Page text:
Rediscovering: Outbreak Company | Dullahan Space
二 月

Rediscovering: Outbreak Company

Outbreak Company

As the seasons pass by, it becomes difficult to sort what I liked or not. Be one of a kind experience, finding the 2D way or whatever the reason might be, it’s always useful to revisit them to see if those shows still hold solid or the power of nostalgia goggles is really powerful. That’s why I bring another section to the blog where I review shows that I enjoyed in the past and see if I still like them. This section won’t be limited to things I remember fondly, maybe shows I disliked or not cared about can be given a second chance. But only time will tell. For now, let’s inaugurate the section with Outbreak Company.

About the show

Outbreak Company, also known as Outbreak Company: Moeru Shinryakusha (アウトブレイク・カンパニー 萌える侵略者), is based from a fifteen volumes Light Novel of the same name. The adaptation was announced on April 2013 and the show began airing during the 2013 Fall Season. It consists of twelve episodes, 24 min. each.


Shinichi is a NEET otaku that has given the chance of a lifetime: Be the ambassador of Otaku culture to a new fantasy world where elves, dwarves and humans live among dragons and monster girls. He will not work alone as his task was commanded by the Japanese government itself to obtain more influence in the new world via cultural exchange. He will face more than being lost in translation and will encounter difficult situations that will test his devotion to the Otaku lifestyle and his principles.


The first time I watched this show I expected to be another masturbatory NEET harem fantasy. But from the first episode you get a glimpse of the complex issues this show will touch and that will affect all our characters. Outbreak Company is often overshadowed by shows with the same premise like GATE, but I’ll say that Outbreak Company is a better for its smart portrayal of the clash of cultures while being sincere to the genre.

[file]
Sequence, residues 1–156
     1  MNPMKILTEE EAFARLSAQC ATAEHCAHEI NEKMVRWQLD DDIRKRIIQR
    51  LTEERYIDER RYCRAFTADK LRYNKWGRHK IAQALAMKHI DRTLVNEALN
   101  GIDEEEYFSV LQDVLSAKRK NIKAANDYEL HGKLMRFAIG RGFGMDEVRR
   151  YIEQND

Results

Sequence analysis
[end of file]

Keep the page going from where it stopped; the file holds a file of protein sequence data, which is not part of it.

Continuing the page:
At the center of this anime a question as old as time is the main catalyst for the actions to come: “How to deal with a civilization different than us? We somehow managed to survive and adapt our ways to interact to each others, so what could happen when we encounter a different world that reflects a period of our growth. Without delving much into politics, the show provides a simple answer: Let’s be Otaku together.

Otaku culture, as a medium, is often mocked as a low form of storytelling. If it’s not a Miyazaki work or “your name.",it is just seen as a bunch of perverted cartoons made by perverted artists for a perverted audience. And I know that a considerable majority falls into that category but nobody will say that novels like “Twilight” or “50 Shades of Grey” tarnished all literature.

In Outbreak Company, the doujinshi is mightier than the sword. If our values are not the same and often times a conflict could arise for our differences, we can discover a better world even if it’s a 2D one.

Other topics covered in this show and that are treated with the seriousness they deserve are class/racial divide and government conspiracies. The magical kingdom is one where humans rule over species they deem inferior and whose only opportunity to achieve status is fighting for a place where they don’t deserve to eat in the same table as humans. The mission of our MC is not without an agenda behind it, a Japanese government anxious to exploit and enrich itself with the fortunes of the new world decides that a cultural invasion is preferable over a war. Now it doesn’t sound as your average NEET fantasy.

Outbreak Company

Let’s not forget that Outbreak Company is foremost a comedy, and it also excels in that regard. Overturning tropes while also playing into them is what makes this show entertaining. All characters serve a purpose and the chemistry is present during the entire season. It’s also one of the rare cases where All Girls Are Best Girls.

In conclusion, Outbreak Company is a love letter to the media. Anime, manga, light novels, doujinshi, visual novels, games, etc. could be seen as form of escape for the hardships of the real world but all them are just different ways to tell us those stories that there might be an alternative to this and it doesn’t matter if you are an elf, a dwarf or a wise old men, we are all perverts… I mean, enthusiasts.

Outbreak Company is available wherever you can find anime. I recommend it thoroughly and if you already saw the show, not too late to watch it again.